Electronic transfers

BIS: CBDCs Can Reduce Cost of Cross-Border Remittances by 50%

Central bank digital currencies (CBDCs) are game-changers and can transform finance and banking as we know them today, the Bank for International Settlements (BIS) said in its latest report. The report focused on a CBDC project between China, Thailand, the United Arab Emirates and Hong Kong.

Known as the Inthanon-LionRock Project, it began in 2019 with the signing of an agreement between the Hong Kong Monetary Authority and the Bank of Thailand. They will later integrate the Digital Currency Institute of the People’s Bank of China and the Central Bank of the UAE in the third phase of the project, known as the mCBDC Bridge project or, in short, mBridge.

According to the BIS, the prototype the four worked on has shown great effectiveness, especially in cross-border remittances. The bank said it was able to improve the speed of cross-border transfers from days to seconds. It was also able to significantly reduce the associated costs, according to the report.

“This thus demonstrates the potential for faster and cheaper cross-border transfers for participating jurisdictions,” the report says.

He added: “The overall goal of the project throughout these three phases remains unchanged: to design and iterate a new efficient cross-border payment infrastructure that improves key pain points including high costs, low speed and operational complexities. . “

The report notes that the costs of cross-border remittances range from 2% in Europe to 7% in Latin America, with a global average of over 6%. Taking into account data obtained from the project and McKinsey’s existing market data, PricewaterhouseCoopers estimates that a CBDC solution could reduce transfer costs by up to 50%.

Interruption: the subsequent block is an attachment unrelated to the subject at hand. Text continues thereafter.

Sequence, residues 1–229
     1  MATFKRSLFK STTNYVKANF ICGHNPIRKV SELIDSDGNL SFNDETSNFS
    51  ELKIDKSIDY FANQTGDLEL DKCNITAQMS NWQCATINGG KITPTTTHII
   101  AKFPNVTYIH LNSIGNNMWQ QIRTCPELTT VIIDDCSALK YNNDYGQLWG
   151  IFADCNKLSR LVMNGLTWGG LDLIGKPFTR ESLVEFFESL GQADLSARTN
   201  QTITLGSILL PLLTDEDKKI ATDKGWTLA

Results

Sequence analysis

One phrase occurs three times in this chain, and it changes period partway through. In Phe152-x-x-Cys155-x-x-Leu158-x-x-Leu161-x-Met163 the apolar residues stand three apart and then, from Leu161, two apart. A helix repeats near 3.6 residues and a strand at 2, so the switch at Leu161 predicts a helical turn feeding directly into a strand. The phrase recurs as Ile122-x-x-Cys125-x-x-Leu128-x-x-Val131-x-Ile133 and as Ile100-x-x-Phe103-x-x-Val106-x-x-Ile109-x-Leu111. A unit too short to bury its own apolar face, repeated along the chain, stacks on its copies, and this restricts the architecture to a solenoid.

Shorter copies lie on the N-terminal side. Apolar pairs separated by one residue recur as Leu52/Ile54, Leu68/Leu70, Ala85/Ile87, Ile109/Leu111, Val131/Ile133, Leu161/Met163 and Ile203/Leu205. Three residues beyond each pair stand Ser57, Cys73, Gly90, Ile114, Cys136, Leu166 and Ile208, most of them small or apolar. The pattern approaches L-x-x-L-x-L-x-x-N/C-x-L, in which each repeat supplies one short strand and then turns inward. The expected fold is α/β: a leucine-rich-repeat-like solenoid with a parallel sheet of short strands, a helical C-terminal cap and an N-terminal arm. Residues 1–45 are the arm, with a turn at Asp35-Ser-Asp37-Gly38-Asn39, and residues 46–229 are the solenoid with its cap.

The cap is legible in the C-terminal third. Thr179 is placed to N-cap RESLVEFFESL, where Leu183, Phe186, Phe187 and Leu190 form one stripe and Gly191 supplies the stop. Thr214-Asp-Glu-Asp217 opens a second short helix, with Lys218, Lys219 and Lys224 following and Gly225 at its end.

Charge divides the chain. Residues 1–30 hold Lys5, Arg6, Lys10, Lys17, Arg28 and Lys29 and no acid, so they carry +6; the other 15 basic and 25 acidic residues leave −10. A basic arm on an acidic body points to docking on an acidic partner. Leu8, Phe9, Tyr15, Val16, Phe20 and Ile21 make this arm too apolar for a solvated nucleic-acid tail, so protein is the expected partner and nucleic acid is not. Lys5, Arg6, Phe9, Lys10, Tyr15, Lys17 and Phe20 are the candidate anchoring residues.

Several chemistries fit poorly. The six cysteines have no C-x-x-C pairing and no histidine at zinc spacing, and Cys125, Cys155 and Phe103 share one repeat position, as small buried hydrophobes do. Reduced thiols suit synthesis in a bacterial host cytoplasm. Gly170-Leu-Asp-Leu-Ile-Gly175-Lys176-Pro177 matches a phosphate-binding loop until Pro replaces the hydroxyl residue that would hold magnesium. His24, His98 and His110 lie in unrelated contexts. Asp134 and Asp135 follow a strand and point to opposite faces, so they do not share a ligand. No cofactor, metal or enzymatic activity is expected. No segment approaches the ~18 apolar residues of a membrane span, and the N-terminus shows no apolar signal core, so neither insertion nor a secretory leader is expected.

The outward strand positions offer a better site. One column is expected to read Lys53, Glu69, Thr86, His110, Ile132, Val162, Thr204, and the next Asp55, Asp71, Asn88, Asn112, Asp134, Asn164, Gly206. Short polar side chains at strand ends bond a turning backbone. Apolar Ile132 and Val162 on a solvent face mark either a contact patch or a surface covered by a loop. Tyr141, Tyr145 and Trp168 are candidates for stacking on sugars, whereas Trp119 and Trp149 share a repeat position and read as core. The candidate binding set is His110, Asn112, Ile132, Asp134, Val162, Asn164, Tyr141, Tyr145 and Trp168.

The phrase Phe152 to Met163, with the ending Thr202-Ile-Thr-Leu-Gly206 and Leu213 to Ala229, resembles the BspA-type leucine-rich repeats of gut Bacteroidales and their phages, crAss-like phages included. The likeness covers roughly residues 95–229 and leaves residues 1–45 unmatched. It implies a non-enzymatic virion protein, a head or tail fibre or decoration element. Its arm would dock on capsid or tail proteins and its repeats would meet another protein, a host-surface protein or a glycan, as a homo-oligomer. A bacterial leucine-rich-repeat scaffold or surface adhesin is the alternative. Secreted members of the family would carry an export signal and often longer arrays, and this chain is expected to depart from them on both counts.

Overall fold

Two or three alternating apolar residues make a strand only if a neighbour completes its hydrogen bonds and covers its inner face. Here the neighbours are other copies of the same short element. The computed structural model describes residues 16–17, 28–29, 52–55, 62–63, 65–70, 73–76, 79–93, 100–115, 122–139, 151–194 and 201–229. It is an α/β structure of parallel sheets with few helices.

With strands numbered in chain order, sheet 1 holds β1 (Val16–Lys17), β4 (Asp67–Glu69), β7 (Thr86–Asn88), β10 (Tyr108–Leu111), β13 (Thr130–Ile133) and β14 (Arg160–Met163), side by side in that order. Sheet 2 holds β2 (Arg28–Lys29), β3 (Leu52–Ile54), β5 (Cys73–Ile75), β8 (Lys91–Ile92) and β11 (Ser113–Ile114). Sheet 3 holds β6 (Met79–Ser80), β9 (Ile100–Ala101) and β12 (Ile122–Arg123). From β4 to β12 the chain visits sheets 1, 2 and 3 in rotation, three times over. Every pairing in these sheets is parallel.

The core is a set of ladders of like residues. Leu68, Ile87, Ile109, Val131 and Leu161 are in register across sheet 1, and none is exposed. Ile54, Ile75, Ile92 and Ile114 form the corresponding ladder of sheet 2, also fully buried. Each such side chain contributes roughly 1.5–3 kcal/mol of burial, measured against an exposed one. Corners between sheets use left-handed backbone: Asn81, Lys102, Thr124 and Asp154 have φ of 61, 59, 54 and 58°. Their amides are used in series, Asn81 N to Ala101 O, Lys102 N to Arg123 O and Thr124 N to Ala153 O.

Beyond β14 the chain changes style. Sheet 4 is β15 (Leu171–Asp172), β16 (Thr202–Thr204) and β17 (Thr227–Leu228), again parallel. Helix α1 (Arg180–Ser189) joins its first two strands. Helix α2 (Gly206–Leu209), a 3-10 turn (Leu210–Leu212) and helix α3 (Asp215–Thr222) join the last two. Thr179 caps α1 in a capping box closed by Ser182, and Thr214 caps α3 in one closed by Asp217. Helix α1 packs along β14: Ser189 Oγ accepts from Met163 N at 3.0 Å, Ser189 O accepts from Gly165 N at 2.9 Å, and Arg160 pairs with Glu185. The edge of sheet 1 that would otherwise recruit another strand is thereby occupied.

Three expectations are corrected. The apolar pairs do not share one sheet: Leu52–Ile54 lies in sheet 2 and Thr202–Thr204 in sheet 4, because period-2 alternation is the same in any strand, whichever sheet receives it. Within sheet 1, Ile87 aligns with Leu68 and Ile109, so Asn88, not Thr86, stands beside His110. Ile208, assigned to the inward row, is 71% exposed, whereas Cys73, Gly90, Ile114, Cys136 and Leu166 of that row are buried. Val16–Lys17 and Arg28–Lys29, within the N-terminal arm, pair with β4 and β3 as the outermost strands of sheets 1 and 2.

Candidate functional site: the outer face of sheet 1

Speed ​​is another big challenge a CBDC could solve, according to the BRI. Currently, cross-border remittances take up to five days to process. The mCBDC Bridge project was able to reduce this time to seconds.

In the near future, the BIS and participating central banks will work on developing the prototype into a production-ready solution. Legal, business, governance and political concerns are listed and analyzed as participants seek to focus on the use of production.

However, it’s not just the cross-border remittance industry that a CBDC can have an impact. A recent article from nChain described a new tool that can be activated by a retail CBDC, allowing central banks to better target inflation rates.

With an ever-changing global economy in which shocks like the COVID-19 pandemic devastates nearly every other sector, central banks can no longer rely on generalized monetary and fiscal policy toolkits. The use of electronic cashback rates, enabled by the CBDC, can allow these banks to stimulate the economy through consumer spending. These rates can be particularly critical when the interest rate hits the lower limit of zero, which in the current setup leaves little for central banks.

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